Paper Dress


Looking for a way to upgrade your product to the next generation?

From a sustainability standpoint, a disposable garment may now be better for the environment than the textile it replaces. The next generation of nonwovens will be well-accepted into the waste stream — but it still lacks the softness, drape and hand that consumers desire.

Micrex has developed the technology to transform nonwovens from 2D into 3D materials while adding properties such as softness and stretch. Micrex microcreped nonwovens have been used for many years in disposable medical gowns, and more recently as components in more traditional garments.

With Micrex technology you can:

  • Add Softness: resolving a liability of many eco-friendly polymers and sheet structures.
  • Turn 2D into 3D: you can now add three-dimensional effects to your nonwovens. At Micrex, we have been adding three-dimensional properties to textiles for years, and we can add these same popular fashion looks to several grades of nonwovens.
  • Extensibility (comfort stretch): you can add stretch at the same time as a decorative effect – a huge advantage over traditional embossing.
  • Meet industry standards for stitch strength and flammability.
  • Extend Use: several launderings are possible with some substrates.

Micrex is looking to partner with companies who have the global reach to be able to successfully commercialize this technology.

The Paper Dress: Example of a Disposable Product that Didn’t Quite Work

First introduced in 1966 by Scott Paper — the disposable dress was a commercial failure. The nonwoven substrates available at that time made for unappealing products.  The industry turned its focus to disposable work clothes (e.g. surgical gowns, haz-mat suits), and the development efforts of the nonwovens industry followed.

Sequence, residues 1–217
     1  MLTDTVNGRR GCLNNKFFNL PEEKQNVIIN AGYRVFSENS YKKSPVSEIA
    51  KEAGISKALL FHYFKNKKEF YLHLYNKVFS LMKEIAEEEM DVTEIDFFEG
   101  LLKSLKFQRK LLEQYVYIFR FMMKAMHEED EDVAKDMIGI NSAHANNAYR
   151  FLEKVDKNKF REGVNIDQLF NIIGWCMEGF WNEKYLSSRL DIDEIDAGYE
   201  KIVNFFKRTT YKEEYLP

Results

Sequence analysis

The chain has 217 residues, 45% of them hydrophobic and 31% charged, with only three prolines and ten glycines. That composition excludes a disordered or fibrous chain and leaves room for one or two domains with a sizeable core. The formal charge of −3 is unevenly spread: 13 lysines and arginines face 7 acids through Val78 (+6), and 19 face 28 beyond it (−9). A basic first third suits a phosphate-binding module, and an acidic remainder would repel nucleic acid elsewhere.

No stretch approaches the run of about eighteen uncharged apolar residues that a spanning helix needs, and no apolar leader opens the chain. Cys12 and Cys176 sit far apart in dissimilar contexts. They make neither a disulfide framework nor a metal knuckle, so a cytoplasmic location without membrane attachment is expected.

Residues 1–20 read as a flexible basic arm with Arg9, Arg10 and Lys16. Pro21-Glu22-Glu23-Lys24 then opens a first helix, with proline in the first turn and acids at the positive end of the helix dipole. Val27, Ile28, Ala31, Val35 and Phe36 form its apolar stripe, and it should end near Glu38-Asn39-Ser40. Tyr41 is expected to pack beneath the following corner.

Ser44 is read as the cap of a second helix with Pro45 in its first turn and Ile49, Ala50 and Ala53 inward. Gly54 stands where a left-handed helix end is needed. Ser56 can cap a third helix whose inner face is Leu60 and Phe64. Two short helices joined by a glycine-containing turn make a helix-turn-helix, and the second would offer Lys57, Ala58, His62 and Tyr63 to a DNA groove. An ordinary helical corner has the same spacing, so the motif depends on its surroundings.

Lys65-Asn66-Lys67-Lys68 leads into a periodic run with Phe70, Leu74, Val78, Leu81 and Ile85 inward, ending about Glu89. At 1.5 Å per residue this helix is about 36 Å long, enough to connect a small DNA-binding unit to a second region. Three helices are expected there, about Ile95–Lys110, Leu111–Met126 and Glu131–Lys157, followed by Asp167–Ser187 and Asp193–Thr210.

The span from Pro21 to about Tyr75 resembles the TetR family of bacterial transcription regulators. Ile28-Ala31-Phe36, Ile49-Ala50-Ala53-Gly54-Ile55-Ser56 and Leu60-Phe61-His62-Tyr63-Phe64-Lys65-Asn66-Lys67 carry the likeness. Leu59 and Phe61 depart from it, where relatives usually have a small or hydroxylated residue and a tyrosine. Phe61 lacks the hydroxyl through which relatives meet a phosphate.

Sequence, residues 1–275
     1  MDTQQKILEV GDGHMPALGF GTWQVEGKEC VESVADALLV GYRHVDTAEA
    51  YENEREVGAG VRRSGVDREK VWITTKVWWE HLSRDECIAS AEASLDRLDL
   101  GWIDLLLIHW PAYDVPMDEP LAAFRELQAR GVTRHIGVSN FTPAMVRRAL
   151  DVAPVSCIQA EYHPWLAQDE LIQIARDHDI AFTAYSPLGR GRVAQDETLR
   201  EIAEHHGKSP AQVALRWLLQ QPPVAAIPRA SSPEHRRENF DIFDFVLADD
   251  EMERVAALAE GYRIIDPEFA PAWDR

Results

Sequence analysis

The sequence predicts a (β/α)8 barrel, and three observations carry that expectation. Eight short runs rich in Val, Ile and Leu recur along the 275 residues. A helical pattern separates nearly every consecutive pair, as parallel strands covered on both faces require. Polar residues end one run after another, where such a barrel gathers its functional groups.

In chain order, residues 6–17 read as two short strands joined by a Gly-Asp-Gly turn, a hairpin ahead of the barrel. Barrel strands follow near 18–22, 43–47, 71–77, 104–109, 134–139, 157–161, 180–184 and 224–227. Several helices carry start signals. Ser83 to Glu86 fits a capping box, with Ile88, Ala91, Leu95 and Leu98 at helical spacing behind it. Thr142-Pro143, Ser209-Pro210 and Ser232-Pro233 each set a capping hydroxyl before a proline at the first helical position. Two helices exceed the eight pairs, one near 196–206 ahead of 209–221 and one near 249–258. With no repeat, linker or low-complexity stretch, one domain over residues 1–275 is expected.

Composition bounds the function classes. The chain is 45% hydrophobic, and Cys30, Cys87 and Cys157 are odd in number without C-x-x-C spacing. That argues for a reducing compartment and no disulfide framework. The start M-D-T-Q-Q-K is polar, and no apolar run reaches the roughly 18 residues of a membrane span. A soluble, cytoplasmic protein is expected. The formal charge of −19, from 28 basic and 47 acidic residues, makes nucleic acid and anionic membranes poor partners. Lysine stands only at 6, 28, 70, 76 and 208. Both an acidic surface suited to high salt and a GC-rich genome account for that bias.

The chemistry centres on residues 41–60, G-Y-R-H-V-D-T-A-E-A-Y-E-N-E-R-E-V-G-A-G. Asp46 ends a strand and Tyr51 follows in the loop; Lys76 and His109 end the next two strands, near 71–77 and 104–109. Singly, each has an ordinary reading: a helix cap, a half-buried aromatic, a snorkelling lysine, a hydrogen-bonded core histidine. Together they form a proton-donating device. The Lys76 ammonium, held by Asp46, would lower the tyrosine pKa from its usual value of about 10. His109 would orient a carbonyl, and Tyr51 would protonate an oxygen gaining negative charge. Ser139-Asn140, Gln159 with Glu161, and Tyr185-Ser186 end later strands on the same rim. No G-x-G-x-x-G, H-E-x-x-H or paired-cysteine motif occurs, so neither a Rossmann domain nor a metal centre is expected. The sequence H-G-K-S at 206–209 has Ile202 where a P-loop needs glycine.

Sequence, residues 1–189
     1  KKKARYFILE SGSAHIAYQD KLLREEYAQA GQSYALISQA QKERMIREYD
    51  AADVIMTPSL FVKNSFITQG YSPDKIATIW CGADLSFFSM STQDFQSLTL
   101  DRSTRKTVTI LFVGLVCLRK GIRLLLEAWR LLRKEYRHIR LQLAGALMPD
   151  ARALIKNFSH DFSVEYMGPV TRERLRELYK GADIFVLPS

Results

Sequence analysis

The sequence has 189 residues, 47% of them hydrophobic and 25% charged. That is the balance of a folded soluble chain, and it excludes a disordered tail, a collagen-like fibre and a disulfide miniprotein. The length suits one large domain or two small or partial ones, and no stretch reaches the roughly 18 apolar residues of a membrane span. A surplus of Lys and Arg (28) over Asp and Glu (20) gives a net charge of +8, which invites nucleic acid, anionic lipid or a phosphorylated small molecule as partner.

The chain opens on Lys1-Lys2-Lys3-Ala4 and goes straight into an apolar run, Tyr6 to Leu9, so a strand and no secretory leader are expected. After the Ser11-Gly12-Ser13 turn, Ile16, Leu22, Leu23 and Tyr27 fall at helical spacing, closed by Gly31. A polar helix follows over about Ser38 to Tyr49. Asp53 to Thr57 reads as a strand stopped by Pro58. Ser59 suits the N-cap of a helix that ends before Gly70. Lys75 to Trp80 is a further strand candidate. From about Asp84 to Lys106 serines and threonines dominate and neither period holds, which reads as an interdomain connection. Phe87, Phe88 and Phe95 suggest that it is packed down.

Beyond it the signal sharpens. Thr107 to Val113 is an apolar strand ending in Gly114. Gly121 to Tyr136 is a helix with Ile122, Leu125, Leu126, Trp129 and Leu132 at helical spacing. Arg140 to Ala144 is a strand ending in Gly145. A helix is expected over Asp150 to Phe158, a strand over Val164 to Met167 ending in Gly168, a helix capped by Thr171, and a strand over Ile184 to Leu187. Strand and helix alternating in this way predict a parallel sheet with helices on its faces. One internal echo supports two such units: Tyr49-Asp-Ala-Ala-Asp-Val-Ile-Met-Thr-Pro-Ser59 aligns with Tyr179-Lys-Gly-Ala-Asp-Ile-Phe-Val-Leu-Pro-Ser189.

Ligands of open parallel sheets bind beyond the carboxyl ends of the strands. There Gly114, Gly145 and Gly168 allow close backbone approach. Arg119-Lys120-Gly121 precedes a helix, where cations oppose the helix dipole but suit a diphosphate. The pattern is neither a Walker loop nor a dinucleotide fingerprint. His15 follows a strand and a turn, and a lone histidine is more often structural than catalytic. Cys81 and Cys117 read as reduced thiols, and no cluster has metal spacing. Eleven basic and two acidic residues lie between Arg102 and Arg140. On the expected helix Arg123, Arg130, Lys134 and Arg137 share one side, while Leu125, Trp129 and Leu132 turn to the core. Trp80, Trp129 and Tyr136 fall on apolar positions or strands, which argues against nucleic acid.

An interesting history of this development is available from the Nonwovens Industry. See also this page for more documentation.

The “paper dress” failed for a number of reasons — in part because the available substrates were:

  1. Harsh
  2. Void of three-dimensional characteristics
  3. Uncomfortable – no comfort stretch.

Perhaps more importantly, the paper dress was the wrong objective. Irrespective of the base material, much of a garment’s cost is in the detail and the tailoring.

The Future of Disposable Products

The next generation of replacement products will be limited-use applications that leverage the improved environmental qualities of an enhanced nonwoven, without adding the burden of extensive labor and detail work.

Examples could include:

  • Table Cloths, Place Mats, Seasonal Window Treatments
  • Aprons, Smocks, Beach Cover-ups
  • Bedding … and maybe the Holy Grail of disposable products, the hospital bed sheet.

Interested in upgrading your product with Micrex technology? We’d like to talk to you.